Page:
However, the situation may not be as serious as several months before, thanks to a high vaccination rate and a better healthcare system. Specifically, Covid-19 patients, including those with mild symptoms, got early treatment from a wide network of medical facilities, typically mobile clinic stations.
In face of the relaxation, it’s necessary to closely follow the health sector’s warning and recommendation to avoid the worse situation, Assoc. Prof. Phu emphasized. Accordingly, different levels of precautions would be adopted based on the number of infections out of 100,000 residents, the vaccination rate, the healthcare system capacity, and the medical response capacity.
Contact tracing, quarantine, and testing remain necessary in the new anti-pandemic measures to mitigate losses as much as possible, he noted.
Hanoi on November 14 reported three-digit daily infections for one week in a row, with cases detected in 16 out of 30 districts, according to the local health sector. Since the fresh coronavirus outbreak that flared up in late April, the city confirmed around 6,000 cases. To prepare for the treatment of Covid-19 patients in case of rising infections, the city has built a scenario to treat roughly 40,000 patients.
|Prof. Dr. Dang Duc Anh, Director of NIHE (2nd left), JICA Chief Representative Shimizu Akira (3nd left) at the handover ceremony in Hanoi on Nov 12. Photo: JICA|
To support Vietnam’s pandemic fight, international organizations have continued their donations and technical assistance. The Japan International Cooperation Agency (JICA) has intensified the donations of medical supplies. Last weekend, it handed over 1,600 sets of cold boxes attached with temperature monitoring devices to the National Institute of Health and Epidemiology (NIHE). This JPY100- million (US$877,000) supporting package, which was procured through the United Nations Children’s Fund (UNICEF), will help the immunization in remote areas.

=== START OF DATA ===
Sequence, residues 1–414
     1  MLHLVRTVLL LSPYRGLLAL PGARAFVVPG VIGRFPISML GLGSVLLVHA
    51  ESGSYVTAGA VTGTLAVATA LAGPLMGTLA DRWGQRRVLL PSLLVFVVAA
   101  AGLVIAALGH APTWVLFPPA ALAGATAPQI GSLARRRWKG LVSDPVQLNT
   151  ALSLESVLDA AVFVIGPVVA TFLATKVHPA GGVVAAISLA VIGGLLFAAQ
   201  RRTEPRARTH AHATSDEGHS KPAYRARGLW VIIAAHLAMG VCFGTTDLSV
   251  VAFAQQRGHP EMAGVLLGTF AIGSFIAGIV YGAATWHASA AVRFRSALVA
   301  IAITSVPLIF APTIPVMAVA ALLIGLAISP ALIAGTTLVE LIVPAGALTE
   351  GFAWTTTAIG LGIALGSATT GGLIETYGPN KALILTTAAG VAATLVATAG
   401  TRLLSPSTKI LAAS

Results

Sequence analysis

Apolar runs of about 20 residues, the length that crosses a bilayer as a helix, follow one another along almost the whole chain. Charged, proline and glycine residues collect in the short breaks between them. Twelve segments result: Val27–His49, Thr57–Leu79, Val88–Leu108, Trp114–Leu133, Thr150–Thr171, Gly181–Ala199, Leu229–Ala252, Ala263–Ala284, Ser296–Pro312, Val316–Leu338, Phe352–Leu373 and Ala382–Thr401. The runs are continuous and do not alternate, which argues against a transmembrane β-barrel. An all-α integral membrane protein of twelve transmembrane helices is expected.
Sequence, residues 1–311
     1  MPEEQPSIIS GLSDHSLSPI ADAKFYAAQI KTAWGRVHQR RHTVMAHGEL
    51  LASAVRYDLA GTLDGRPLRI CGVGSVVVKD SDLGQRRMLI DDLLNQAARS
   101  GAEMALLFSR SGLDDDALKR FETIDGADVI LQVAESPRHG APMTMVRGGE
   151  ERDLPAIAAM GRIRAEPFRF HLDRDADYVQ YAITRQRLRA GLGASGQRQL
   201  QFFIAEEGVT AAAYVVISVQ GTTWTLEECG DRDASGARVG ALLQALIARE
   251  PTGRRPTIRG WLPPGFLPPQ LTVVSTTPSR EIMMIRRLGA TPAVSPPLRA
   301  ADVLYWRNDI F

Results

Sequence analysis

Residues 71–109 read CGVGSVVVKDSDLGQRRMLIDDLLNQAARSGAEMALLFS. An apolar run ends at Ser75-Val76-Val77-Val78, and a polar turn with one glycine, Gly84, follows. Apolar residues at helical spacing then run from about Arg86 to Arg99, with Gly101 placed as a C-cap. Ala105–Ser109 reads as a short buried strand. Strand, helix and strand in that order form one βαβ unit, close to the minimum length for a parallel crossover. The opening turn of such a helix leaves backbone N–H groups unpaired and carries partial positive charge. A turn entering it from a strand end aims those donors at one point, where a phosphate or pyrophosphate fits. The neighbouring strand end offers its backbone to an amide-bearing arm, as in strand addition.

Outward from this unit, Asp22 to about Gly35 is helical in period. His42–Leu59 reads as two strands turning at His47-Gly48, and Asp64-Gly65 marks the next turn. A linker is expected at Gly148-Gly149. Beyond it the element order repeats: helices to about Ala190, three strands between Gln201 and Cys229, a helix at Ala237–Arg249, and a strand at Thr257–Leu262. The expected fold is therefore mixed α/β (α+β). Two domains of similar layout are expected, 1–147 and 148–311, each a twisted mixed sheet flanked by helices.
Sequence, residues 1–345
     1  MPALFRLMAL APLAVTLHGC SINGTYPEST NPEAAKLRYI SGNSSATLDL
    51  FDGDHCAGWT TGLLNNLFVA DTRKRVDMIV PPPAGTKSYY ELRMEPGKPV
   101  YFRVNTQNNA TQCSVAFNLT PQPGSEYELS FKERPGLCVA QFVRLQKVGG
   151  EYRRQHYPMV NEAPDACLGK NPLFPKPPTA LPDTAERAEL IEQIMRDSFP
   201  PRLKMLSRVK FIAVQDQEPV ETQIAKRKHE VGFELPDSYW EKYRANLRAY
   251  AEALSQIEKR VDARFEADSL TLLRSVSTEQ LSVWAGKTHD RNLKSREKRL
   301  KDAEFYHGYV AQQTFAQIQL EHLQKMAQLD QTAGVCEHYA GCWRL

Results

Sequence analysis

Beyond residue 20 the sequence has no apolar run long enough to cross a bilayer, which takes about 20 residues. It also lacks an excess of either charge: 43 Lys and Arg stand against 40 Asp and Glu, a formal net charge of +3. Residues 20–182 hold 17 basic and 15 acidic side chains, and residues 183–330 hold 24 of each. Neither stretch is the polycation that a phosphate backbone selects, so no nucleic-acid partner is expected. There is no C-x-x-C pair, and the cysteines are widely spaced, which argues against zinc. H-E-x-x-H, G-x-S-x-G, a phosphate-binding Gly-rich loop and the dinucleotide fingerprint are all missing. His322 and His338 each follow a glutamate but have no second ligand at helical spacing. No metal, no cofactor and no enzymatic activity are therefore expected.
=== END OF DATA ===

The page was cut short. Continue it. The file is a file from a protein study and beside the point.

In addition to medical supplies, the Government of Japan has donated Vietnam more than four million vaccine doses.
JICA Chief Representative Shimizu Akira said: “Vaccination is currently progressing in urban areas such as Hanoi and Ho Chi Minh City, and I hope that this support will help promote vaccination campaigns in other localities across the country in the near future.”
To cope with virus spread from areas beyond the border, JICA since July 2021 has launched a cooperation project with the International Organization for Migration (IOM) titled “Capacity Building for Preparing and Responding to Covid-19 Pandemic in Border Provinces of Vietnam” worth JPY20 million. It helps improve infectious disease monitoring capacity and supports the border control mission of provinces Nghe An, Ha Tinh, Tay Ninh, An Giang, and Dong Thap bordering with Cambodia amid the rising number of illegal immigrants.